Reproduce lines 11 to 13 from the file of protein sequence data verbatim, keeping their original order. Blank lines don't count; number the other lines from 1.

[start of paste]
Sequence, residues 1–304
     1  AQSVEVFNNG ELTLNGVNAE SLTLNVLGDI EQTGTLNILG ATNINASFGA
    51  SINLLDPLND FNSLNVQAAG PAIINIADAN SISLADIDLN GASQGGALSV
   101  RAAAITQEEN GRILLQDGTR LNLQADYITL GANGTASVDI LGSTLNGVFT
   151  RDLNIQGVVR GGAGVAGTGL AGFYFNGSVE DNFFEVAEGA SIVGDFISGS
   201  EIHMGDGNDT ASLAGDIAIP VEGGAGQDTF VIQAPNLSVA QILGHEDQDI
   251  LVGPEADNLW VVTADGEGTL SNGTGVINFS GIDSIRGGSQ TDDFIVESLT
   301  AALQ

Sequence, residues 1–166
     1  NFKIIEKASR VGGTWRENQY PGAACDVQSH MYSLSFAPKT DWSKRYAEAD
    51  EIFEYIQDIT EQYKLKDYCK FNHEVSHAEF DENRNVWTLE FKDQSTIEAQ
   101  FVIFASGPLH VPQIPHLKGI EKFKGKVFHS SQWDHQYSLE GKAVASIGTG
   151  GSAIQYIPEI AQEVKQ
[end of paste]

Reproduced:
    51  EIFEYIQDIT EQYKLKDYCK FNHEVSHAEF DENRNVWTLE FKDQSTIEAQ
   101  FVIFASGPLH VPQIPHLKGI EKFKGKVFHS SQWDHQYSLE GKAVASIGTG
   151  GSAIQYIPEI AQEVKQ